I am tasked with making a due diligence of legacy software. Part of this is to reassess all software dependencies and their licensing. However, there are various ambiguities, occurring most commonly in old code.

I am now facing this particular issue: I have a dependency that I have seen to be indicated in the code to be licensed under L-GPL. With a fair amount of certainty this can be identified as the GNU Lesser GPL. However, I cannot find information about the version this refers to.

My question is what version should I assume, and I can think of several options:

  1. The version of the time of creation of the software, namely LGPL 2.1, or
  2. The version of the time of our use of the software, which practically would allow me to choose today's most recent version, i.e. LGPL 3.0.

To my understanding the difference between the two is negligible, but the combination of legal and technical context urges me to try to be specific as much as possible.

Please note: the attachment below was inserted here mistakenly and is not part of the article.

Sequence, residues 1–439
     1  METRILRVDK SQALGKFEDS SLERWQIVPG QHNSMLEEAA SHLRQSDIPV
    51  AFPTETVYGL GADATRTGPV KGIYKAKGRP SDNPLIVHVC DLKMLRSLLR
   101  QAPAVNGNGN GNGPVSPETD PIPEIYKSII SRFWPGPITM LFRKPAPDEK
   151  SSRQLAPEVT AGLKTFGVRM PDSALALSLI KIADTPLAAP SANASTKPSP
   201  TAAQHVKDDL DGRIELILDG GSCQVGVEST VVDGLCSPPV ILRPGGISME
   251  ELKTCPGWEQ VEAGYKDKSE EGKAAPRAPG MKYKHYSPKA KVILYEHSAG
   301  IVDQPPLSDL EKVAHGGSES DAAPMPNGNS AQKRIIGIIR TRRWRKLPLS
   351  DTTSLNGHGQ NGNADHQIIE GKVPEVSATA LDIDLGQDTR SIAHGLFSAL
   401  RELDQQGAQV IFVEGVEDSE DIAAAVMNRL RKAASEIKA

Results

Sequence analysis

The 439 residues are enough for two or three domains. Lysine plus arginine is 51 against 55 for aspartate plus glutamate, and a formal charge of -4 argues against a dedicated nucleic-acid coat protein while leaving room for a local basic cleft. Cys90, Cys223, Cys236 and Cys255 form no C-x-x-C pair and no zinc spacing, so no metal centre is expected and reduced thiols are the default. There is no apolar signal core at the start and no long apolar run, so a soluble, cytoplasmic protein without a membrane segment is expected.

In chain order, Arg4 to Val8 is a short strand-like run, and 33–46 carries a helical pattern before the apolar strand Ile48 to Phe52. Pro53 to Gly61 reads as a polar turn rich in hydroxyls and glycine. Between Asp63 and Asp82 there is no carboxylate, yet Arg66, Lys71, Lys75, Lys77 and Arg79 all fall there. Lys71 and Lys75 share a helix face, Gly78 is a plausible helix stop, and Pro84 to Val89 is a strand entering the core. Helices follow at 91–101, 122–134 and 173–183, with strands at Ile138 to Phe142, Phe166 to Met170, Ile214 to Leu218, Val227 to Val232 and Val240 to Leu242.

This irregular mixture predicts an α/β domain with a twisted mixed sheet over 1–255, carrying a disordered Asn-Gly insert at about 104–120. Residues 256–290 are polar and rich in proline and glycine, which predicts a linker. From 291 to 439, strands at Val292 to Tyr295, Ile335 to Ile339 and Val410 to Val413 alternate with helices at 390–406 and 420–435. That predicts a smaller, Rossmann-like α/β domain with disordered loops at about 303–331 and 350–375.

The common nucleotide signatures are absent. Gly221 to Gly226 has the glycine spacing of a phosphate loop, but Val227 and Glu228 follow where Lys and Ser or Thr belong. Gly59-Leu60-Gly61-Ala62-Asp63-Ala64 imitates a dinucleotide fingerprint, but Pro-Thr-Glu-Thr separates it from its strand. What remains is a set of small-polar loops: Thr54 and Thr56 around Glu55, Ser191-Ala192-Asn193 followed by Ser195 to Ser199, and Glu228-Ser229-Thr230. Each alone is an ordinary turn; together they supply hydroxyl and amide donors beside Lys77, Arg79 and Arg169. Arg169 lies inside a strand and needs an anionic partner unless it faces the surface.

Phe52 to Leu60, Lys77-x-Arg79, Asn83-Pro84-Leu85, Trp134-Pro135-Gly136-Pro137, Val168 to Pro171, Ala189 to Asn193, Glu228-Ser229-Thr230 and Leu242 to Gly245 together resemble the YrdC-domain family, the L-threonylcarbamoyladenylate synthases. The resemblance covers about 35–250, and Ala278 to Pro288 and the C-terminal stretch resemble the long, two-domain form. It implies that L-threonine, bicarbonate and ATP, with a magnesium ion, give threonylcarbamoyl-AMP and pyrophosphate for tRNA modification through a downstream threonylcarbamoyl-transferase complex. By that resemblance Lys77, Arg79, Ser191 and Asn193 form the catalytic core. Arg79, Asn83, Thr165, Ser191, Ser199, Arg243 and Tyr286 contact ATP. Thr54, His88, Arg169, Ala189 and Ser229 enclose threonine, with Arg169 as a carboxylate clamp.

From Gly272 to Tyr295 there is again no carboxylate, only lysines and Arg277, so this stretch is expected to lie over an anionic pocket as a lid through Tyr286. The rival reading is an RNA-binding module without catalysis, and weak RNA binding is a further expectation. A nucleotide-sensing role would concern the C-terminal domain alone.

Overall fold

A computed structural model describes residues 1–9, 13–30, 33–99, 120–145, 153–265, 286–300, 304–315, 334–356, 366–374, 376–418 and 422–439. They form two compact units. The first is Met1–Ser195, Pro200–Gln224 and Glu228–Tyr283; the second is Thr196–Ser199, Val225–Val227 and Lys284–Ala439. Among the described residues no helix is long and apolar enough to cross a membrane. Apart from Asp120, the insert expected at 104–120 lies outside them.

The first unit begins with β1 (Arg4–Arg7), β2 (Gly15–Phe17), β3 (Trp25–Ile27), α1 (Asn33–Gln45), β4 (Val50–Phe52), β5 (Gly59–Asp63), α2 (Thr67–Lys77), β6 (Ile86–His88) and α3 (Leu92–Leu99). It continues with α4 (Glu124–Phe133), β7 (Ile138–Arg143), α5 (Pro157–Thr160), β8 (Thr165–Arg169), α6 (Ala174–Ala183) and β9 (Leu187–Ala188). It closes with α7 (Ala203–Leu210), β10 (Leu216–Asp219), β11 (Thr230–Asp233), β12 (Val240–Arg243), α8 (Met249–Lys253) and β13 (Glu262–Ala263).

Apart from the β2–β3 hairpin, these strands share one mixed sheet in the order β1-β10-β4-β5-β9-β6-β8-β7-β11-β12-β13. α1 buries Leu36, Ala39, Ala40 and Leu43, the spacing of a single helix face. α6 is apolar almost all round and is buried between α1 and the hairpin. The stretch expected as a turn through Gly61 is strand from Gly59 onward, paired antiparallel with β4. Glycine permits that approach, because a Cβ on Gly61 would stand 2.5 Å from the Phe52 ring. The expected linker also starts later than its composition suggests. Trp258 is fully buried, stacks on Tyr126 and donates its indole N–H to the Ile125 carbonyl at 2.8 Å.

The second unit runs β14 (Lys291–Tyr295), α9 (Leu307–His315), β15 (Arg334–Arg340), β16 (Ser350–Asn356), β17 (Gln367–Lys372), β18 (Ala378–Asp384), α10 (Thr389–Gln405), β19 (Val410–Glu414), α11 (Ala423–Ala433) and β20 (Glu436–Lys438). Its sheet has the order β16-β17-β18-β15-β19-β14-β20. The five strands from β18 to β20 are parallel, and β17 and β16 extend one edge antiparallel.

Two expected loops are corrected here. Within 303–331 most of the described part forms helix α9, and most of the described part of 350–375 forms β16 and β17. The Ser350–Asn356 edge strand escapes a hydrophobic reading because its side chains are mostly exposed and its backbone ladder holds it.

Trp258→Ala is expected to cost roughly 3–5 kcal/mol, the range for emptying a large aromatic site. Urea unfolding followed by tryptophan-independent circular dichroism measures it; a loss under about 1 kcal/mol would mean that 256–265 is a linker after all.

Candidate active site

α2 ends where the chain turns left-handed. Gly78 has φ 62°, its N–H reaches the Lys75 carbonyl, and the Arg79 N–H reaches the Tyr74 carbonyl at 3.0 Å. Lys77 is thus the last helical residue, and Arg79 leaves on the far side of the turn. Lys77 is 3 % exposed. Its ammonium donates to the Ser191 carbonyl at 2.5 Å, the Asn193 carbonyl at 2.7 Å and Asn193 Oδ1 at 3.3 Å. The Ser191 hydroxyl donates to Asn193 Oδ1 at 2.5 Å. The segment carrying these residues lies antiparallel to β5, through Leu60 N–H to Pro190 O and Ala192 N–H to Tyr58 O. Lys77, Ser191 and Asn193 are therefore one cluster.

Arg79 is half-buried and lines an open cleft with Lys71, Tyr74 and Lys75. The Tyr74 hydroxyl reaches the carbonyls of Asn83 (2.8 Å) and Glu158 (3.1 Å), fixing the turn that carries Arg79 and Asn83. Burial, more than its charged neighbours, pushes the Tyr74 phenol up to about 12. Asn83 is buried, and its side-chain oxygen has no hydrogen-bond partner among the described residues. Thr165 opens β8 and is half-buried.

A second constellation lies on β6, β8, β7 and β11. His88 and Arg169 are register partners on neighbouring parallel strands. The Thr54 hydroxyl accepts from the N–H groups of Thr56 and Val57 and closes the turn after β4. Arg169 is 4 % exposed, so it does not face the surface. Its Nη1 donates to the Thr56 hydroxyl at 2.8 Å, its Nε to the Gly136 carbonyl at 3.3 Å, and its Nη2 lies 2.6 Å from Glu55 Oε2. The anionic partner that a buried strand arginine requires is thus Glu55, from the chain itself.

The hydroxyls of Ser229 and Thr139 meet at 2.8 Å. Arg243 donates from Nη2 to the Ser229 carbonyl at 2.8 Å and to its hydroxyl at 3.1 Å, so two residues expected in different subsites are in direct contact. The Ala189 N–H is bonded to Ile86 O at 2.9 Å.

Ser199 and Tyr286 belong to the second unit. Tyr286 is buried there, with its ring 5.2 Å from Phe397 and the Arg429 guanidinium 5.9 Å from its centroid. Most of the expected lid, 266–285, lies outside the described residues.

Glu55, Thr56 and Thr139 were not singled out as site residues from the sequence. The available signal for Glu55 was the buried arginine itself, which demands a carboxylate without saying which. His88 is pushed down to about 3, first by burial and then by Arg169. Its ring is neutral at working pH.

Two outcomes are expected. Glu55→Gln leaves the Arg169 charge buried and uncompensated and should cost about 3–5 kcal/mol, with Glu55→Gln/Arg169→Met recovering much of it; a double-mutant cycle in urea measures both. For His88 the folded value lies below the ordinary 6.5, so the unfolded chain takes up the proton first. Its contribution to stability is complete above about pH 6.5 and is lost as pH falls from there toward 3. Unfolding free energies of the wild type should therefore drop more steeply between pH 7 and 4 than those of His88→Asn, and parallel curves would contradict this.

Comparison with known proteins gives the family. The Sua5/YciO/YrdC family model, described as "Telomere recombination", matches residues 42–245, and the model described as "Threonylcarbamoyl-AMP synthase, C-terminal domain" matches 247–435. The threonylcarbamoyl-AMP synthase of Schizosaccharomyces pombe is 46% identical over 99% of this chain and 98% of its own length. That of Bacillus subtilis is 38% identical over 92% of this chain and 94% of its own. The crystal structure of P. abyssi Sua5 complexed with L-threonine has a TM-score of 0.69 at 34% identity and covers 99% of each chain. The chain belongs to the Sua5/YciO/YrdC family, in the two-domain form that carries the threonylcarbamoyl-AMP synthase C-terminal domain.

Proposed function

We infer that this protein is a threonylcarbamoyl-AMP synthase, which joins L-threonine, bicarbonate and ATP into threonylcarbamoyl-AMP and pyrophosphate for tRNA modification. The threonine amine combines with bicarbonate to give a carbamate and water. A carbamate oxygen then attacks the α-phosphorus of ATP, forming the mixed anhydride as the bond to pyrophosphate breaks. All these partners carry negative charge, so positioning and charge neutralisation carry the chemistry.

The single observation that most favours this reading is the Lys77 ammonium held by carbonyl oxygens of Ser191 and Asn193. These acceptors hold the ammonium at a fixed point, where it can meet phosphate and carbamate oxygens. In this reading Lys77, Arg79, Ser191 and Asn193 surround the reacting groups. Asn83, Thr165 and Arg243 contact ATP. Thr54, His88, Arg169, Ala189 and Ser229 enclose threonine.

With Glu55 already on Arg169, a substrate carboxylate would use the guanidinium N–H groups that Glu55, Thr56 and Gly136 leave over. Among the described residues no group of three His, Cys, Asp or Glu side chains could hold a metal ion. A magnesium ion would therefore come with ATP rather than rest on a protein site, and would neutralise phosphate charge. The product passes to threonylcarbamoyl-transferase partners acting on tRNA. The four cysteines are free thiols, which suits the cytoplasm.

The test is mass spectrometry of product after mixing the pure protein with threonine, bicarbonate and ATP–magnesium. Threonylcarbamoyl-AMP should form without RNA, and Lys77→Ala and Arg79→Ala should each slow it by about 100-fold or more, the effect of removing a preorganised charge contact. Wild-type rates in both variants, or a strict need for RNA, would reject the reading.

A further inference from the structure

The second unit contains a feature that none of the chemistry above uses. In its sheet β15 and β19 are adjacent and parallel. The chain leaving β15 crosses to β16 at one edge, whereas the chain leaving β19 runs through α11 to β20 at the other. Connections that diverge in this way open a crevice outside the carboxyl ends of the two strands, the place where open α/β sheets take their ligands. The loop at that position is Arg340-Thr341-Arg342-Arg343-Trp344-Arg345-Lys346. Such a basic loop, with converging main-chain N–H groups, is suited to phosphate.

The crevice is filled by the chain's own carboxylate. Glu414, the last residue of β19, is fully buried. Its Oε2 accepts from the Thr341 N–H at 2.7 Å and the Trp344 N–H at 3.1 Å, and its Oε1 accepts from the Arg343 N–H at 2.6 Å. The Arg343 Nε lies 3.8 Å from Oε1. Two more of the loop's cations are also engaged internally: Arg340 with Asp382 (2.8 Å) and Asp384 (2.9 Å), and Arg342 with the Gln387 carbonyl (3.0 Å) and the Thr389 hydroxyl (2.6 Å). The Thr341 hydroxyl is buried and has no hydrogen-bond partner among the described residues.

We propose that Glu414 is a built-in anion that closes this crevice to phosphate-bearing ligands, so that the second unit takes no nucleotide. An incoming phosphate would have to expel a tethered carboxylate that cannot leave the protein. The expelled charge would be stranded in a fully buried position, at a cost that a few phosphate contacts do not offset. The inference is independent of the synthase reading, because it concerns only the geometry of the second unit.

Please, excuse me if this question has already been asked in some other form and I haven't been able to identify it with my searches.

1 Answer 1


Since version 3 didn't exist when the software was written, the original author presumably intended that 2.1 was used.

However, point 13 of LGPL 2.1 states (emphasis mine):

The Free Software Foundation may publish revised and/or new versions of the Lesser General Public License from time to time. Such new versions will be similar in spirit to the present version, but may differ in detail to address new problems or concerns.

Each version is given a distinguishing version number. If the Library specifies a version number of this License which applies to it and "any later version", you have the option of following the terms and conditions either of that version or of any later version published by the Free Software Foundation. If the Library does not specify a license version number, you may choose any version ever published by the Free Software Foundation.

Point 6 of LGPL 3 includes a similar statement.

On this basis, and assuming the absence of any other statement in the software as to which version was intended, you should be able to use either version.

  • Thanks! I should have found this myself, but as ignorant as I am, the license was not the place I looked for this information.
    – mapto
    Jun 5, 2019 at 15:53

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